No such problems for Tuskers, who raced to the target for the loss of 3 wickets, and quickly enough - within 16 overs - to secure a bonus point that puts them on top of the tournament table. There were no fireworks from Chris Gayle on this occasion - 1 wicket and just 10 runs - but Charles Coventry, batting 5th, put on a hell of a show, smashing an unbeaten 44 from just 26 balls, including 2 fours and 4 sixes, to help see his side home. For Eagles, Chigumbura, Trego and Price claimed a wicket apiece in the losing cause. Full scorecard below the cut.
Eagles 120/8 (20 overs; Chigumbura 26, Ncube 3/27), Tuskers 123/3 (16 overs; Coventry 44*, Chigumbura 1/15). Matabeleland Tuskers win by 7 wickets.
Rhinos looked to have the stronger batting lineup on paper but, put into bat after Mountaineers won the toss, they didn't live up to their potential. In-form Gary Ballance lasted just 4 balls before departing for a single run, and while Brendan Taylor (37) and Riki Wessels (31) put on a good 53-run partnership for the 2nd over, that was pretty much it as far as Rhinos were concerned - no other batsmen reached double-figures, as Rhinos limped their way to 115/9. Natsai Mushangwe (3/19), Prosper Utseya (2/20) and Shingi Masakadza (2/27) did most of the damage. The target, 116 at 5.8/over, didn't exactly look hard to get.
And so it proved. While Mountaineers suffered a few setbacks along the way, the combined efforts of Hamilton Masakadza (34) and Chris Harris (39*) guided their side home with 7 balls to spare. Rhinos weren't able to contain the run rate enough to really put pressure on Mountaineers, and it told in the end. After a horrible start to the domestic season, Mountaineers seem to have found their form at just the right time, and are off to a winning start. Full scorecard below the cut.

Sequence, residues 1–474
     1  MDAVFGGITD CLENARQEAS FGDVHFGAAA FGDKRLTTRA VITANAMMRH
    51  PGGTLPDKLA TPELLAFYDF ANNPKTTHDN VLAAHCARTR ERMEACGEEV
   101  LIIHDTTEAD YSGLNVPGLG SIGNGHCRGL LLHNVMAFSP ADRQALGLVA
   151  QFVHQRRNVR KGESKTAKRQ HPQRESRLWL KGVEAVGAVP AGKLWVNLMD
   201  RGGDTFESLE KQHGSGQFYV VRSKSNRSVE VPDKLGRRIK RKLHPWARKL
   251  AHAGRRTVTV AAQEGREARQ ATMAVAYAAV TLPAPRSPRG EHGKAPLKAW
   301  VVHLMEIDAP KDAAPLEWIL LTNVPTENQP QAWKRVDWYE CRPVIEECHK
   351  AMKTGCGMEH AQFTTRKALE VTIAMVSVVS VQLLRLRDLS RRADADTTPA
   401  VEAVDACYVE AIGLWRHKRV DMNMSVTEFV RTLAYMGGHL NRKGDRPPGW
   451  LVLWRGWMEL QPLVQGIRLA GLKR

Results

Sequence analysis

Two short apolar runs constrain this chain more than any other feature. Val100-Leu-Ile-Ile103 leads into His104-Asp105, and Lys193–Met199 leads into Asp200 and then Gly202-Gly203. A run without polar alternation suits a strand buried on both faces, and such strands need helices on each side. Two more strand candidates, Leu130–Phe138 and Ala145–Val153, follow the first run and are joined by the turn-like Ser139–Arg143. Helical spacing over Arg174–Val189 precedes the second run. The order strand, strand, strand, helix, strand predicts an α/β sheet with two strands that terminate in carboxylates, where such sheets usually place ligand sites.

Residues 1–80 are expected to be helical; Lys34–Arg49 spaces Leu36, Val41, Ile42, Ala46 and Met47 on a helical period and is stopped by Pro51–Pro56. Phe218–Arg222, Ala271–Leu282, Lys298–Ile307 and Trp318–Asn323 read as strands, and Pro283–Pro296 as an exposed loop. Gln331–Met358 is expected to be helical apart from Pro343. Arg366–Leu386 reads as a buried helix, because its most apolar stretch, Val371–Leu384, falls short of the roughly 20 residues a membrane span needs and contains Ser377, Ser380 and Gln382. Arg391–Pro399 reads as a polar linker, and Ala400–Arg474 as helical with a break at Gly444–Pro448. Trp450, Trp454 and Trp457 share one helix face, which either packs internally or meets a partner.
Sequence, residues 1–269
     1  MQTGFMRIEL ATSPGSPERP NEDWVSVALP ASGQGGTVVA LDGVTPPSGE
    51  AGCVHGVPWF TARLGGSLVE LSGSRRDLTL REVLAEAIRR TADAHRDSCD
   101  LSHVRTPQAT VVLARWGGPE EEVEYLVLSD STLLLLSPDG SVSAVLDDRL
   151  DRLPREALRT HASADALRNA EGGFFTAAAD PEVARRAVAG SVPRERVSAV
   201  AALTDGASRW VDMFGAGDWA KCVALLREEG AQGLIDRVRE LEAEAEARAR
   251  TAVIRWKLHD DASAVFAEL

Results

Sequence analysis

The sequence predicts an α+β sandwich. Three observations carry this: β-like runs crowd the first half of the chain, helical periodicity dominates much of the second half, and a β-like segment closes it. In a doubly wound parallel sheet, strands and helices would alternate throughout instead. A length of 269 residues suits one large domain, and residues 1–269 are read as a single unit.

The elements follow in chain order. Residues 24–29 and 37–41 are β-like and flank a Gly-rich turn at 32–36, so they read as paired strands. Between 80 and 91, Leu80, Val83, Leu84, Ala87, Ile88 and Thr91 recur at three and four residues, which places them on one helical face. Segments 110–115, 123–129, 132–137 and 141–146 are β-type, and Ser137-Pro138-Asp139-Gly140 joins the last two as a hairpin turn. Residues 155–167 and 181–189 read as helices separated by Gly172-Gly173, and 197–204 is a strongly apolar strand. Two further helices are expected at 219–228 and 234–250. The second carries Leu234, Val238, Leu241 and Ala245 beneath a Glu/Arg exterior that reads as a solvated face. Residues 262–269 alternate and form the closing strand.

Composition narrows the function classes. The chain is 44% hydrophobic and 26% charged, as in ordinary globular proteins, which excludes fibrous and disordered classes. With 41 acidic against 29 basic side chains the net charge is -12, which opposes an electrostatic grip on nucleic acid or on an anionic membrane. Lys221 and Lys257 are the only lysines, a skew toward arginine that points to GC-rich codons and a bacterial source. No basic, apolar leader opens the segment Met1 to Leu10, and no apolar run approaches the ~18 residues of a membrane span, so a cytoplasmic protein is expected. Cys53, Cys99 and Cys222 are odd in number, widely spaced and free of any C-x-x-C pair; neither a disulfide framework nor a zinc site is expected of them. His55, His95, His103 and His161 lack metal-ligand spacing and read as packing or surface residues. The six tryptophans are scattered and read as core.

Rhinos 115/9 (20 overs; Taylor 37, Mushangwe 3/19), Mountaineers 116/4 (18.5 overs; Harris 39*, Cremer 1/12). Mountaineers win by 6 wickets.
Kenya rounded off their tour of Zimbabwe with their largest loss yet, as Tuskers warmed up for the forthcoming Stanbic T20 in the best possible way. Kenya managed just 117 from their 20 overs, with Aga's 53 being the only innings of note in a disappointing knock; Keegan Meth took two wickets in the first over, finishing on 2/27 from his 4 overs, while Glenn Querl again showed his talent, taking 3/13 from 3 overs bowled. Tuskers reached the required target with few problems, with 20 balls still remaining when they crossed the line. Openers Horton (43) and Smith (42) led the way, and while there was a small flurry of wickets towards the end of the innings, it wasn't enough to stop them. Full scorecard below the cut.
Kenya 117/6 (20 overs; Aga 53*, Querl 3/13), Tuskers 121/3 (16.4 overs; Horton 43, Patel 2/19). Matabeleland Tuskers win by 7 wickets.
Zimbabwe's poor campaign at the Women's World Cup Qualifiers in Bangladesh finally came to an end this morning, with yet another loss, this time to Japan in the 9th-Place playoff match. Japan scored 152 from their innings, with captain Kuribayashi (47) and Yamamoto (38) accounting for most of their score - only one other Japanese player reached double figures - but that still proved too much for Zimbabwe to chase. A mid-innings collapse, from 80/3 to 105/7, put the pressure on Zimbabwe, who were never quite able to recover, and finished their 50 overs still 7 runs short of victory. Full scorecard below the cut.
Japan 152 (49.5 overs; Kuribayashi 47, Charumbira 2/10), Zimbabwe 146/8 (50 overs; Mupachikwa 32, Nakayama 1/15). Japan win by 6 runs.
Another day, another loss for Kenya, this time in the first of two T20s they're scheduled to play against Midwest Rhinos. Kenya, batting first, posted 114 before being bowled out, with only Obuya (44) and Odhiambo (24) making much of an impression; Graeme Cremer marked his return to fitness with 2/17; but once again it was Gary Ballance who starred for Rhinos, scoring 43 off 41 balls - ably assisted by Malcolm Waller, with 33 off 25 - as Rhinos raced to the target with over 3 overs to spare. Full scorecard below the cut.
Kenya 114 (18.5 overs; Obuya 44, Muzhange 3/15), Rhinos 115/5 (16.3 overs; Ballance 43, Otieno 3/20). Midwest Rhinos win by 5 wickets.